“There is a book called ‘The Boy Who Harnessed the Wind,’” Mick Ebeling says to a group of people inside the Zappos headquarters. “It’s the story of a Malawi teenager who builds a windmill from bicycle parts.”
In the book, the invention brings technology to the townspeople, Ebeling says. “It changed his life and the life of his family and village,” he adds. “When asked why or how he did it, the boy said, ‘I tried and I made it.’ ”
That story perfectly captures the mission of Ebeling and his company, Not Impossible Labs, which has worked to empower and cultivate innovators throughout the various stages of their creation processes. The company ensures that those who want to take the leap to invent seemingly impossible technology have the backing to do so.
“It’s not just about technology, but technology for the sake of humanity,” Ebeling says. “It’s about harnessing something for the purpose of advancing our species.”
A lot of the technology we depend on today was seen as impossible at some point in time.
“That’s until someone came along with an idea to make the impossible possible,” he says. “These are the geniuses, the mad scientists, the crazy ones. These are geeks with a cause.”
In the decade it’s been in existence, Not Impossible Labs has helped innovators produce items such as the eyewriter, a device that assisted an L.A. graffiti artist who has the neurological disorder amyotrophic lateral sclerosis make art using just his eyes, and technology that helps deaf people experience music through vibrations.
In the week that thousands of people from across the globe gathered at CES to explore technological advancements across various industries, Ebeling spoke to a group of people about Not Impossible Labs and the future of creating world-changing innovations.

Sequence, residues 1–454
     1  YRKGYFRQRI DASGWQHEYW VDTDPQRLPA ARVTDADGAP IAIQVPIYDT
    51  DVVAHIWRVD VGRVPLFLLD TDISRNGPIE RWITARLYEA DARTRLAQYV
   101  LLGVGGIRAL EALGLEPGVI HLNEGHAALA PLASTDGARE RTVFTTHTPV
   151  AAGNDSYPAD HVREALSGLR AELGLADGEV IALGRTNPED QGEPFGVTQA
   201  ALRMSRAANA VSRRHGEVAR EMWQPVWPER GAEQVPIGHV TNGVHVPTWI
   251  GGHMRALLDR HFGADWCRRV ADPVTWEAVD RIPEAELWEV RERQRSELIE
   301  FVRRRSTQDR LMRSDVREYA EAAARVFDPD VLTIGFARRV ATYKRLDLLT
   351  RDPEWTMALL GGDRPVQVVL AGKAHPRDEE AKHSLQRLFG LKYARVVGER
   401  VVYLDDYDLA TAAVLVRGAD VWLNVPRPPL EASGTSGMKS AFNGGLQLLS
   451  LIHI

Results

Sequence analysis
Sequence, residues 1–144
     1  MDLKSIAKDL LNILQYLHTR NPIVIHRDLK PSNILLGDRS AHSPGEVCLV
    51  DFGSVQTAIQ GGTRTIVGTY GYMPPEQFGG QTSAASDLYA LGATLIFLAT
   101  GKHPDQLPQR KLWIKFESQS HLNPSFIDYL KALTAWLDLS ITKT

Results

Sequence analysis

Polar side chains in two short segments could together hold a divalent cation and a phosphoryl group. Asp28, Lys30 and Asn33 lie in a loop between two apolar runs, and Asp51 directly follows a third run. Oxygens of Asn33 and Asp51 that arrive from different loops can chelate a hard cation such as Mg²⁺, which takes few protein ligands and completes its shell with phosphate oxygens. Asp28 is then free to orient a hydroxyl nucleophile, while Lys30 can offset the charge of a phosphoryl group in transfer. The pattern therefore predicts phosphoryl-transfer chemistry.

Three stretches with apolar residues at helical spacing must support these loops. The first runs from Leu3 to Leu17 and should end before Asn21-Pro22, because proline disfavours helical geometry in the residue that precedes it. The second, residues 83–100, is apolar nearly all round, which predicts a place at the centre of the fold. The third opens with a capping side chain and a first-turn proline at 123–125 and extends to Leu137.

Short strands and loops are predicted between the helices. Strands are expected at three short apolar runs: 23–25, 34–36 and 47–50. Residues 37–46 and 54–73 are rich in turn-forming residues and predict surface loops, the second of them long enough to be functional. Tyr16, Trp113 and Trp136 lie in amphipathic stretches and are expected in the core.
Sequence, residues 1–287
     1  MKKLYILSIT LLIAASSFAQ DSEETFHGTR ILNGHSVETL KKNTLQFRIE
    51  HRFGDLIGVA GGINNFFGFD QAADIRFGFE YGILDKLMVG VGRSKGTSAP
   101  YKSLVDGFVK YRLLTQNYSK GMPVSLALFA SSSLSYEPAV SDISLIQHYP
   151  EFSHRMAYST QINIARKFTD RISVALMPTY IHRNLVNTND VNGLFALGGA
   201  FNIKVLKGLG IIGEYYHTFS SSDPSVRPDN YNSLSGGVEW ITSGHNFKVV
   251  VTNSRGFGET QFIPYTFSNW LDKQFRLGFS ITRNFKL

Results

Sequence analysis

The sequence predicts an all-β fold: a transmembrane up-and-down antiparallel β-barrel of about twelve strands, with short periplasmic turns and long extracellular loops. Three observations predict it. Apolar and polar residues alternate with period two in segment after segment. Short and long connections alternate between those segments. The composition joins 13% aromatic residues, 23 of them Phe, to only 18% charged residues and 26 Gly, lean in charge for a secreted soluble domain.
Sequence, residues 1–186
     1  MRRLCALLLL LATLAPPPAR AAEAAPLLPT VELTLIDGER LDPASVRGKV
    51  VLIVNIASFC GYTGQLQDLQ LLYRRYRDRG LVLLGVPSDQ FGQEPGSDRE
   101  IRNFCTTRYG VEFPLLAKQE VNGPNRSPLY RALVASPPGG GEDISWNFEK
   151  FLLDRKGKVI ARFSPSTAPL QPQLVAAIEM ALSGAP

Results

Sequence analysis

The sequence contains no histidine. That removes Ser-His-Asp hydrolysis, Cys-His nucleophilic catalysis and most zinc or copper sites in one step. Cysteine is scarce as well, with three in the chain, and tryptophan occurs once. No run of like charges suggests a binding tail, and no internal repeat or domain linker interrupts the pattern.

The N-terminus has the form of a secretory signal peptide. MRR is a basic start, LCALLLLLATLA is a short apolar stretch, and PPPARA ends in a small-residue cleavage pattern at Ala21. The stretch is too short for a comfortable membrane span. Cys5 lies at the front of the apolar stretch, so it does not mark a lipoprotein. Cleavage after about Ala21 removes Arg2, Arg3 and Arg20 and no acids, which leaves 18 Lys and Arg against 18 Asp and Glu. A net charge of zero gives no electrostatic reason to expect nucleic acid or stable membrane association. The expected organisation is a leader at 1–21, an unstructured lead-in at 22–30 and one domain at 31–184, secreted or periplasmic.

But the night had a higher purpose. Ebeling says for years he dreamt of having an awards ceremony.
On January 11, he hosted the inaugural Not Impossible awards to highlight some of the best projects of 2017. “What these guys did was scary, but they made the leap anyway,” he adds. “They tried and they made it.”
Some of the technology came from professionals working in the field, such as in the case of ANDE. The creation of this DNA technology, which identifies DNA within minutes, could help law enforcement with testing rape kits in a more timely fashion.
Some of the projects came out of this desire to help one person but ended up helping a community or larger group. That was the story of an interactive children’s toy that teaches braille, BecDot, which received the Not Impossible Labs Limitless Award.
A few days after Jacob and Beth Lacourse’s daughter Rebecca was born, they discovered she was deaf. The family adapted only to find out months later that she had Usher syndrome, which meant that eventually, she would also become blind.
Seeing no toys to help their daughter learn braille, her father created one.
“The world is not going to adapt to meet our daughter’s needs,” Jacob Lacourse says. “So we were going to do whatever we could to adapt the world to her needs. At the same time, we are going to use that to help other people as well along the way.”
Ebeling hoped the stories of the night will inspire people to go beyond limits.
“Anyone can do this,” he says.
Though it can be scary, though the world might tell people their ideas are impossible, Ebeling says it’s all about taking a leap.
“Are you going to wait for someone else to do it or are you going to be the first person to jump over the edge?” he adds. “Geronimo!”